Upon completion of the search at 3815 Union Pacific Avenue, officers proceeded to 3311 Hunter Street to arrest defendant. At approximately 1:15 a.m. on February 4, 1967, Officer Penland knocked on the front door and it was answered by a woman later identified as Mrs. Dominguez. He told her that a narcotics investigation was in progress and asked her if her husband was present. Officer Penland then observed defendant in the front room, recognized him as the man he had seen earlier exiting Bell's vehicle, and placed him under arrest. Officer Penland informed defendant that a search of the premises was going to be made pursuant to the arrest, and asked defendant which bedroom he occupied. Defendant pointed his bedroom out and Officer Penland, accompanied by defendant and another officer, searched the bedroom. A large quantity of amphetamine sulphate was recovered from a chest of drawers.
Defendant contends that his arrest was not based on probable cause, and consequently the search incident to that arrest was unlawful. Probable cause for an arrest without a warrant exists if the facts and circumstances known to the arresting officer would warrant a man of ordinary care and prudence to believe that an offense has been committed, and that the accused is guilty thereof. (People v. Schader, 62 Cal.2d 716, 44 Cal.Rptr. 193, 401 P.2d 665; People v. Stewart, 62 Cal.2d 571, 43 Cal.Rptr. 201, 400 P.2d 97; People v. Esters, 220 Cal.App.2d 917, 34 Cal.Rptr. 264.) Of course, each case must be decided on its own facts based on the situation presented or apparent to officers at the time they were required to act. (People v. Shellin, 227 Cal.App.2d 245, 38 Cal.Rptr. 593; People v. Ruhman, 224 Cal.App.2d 284, 36 Cal.Rptr. 493.) Here, the facts known to the officers based on their surveillance of defendant's house and observance of his activities clearly established probable cause for defendant's arrest. An informant had introduced Deputy Melendrez to codefendant Bell. Bell informed the officer that he knew where to purchase illegal narcotics. On two occasions, Bell went to defendant's house and was thereafter accompanied by defendant to codefendant Serna's house. On both occasions, defendant alone entered Serna's house. Subsequently, after returning defendant to his residence, Bell completed an unlawful sale of narcotics to Deputy Melendrez. Pursuant to a valid search warrant, Serna's residence was searched and a large quantity of narcotics was uncovered. Such data acquired through observation of defendant's activities was sufficient to connect defendant with unlawful narcotic activity. (See People v. Montano, 184 Cal.App.2d 199, 7 Cal.Rptr. 307.) While such circumstances and conduct might not excite the suspicion of an ordinary observer, it would be highly significant to officers with extensive training and experience in detecting narcotic offenders. (People v. Symons, 201 Cal.App.2d 825, 20 Cal.Rptr. 400.) Seemingly innocent acts may become significant in light of other knowledge possessed by officers. (People v. Chrisman, 256 Cal.App.2d 425, 64 Cal.Rptr. 733.) We conclude that defendant's arrest was based on probable cause.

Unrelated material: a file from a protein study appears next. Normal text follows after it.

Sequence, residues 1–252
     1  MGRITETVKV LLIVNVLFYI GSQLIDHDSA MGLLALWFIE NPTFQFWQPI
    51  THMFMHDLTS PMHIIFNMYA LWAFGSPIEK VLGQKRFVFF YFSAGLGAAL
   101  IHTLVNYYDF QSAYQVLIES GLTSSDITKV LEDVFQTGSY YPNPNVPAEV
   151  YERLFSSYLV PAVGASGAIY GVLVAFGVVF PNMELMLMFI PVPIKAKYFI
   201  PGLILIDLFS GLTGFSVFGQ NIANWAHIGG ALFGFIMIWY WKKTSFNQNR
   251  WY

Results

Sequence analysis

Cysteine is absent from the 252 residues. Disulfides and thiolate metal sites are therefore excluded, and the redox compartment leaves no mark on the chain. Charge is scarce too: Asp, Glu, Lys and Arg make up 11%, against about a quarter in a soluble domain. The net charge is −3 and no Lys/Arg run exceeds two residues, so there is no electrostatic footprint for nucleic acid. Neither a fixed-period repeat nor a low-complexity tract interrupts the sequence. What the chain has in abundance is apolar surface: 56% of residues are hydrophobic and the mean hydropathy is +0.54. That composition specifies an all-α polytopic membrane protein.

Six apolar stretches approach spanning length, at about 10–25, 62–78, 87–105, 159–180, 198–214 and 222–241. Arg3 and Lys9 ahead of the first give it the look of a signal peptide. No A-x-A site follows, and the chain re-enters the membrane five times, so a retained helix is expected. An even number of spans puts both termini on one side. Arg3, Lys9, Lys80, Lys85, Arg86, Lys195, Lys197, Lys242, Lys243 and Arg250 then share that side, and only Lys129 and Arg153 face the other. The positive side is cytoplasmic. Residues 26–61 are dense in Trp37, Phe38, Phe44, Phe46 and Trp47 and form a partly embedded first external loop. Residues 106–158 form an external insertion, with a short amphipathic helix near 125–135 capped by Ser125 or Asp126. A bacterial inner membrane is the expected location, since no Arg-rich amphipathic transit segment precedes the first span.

By supplemental letter brief, defendant has directed our attention to Chimel v. California, 395 U.S. 752, 89 S.Ct. 2034, 23 L.Ed.2d 685, decided by the United States Supreme Court on June 23, 1969. In Chimel, a new rule was announced limiting the scope of warrantless searches which may be made incident to a lawful arrest. The search here clearly exceeded the scope authorized under the new rules of Chimel. However, in light of People v. Castillo, Cal.App., 80 Cal.Rptr. 211, holding that the new rules announced in Chimel apply only to searches conducted after the date of its decision, we are constrained to hold that such rules are not available to defendant.
The judgment is affirmed.
STEPHENS, Acting Presiding Justice.
REPPY, J., and CHANTRY, J. pro tem.,[FN*] concur.Hearing denied; PETERS, J., dissenting.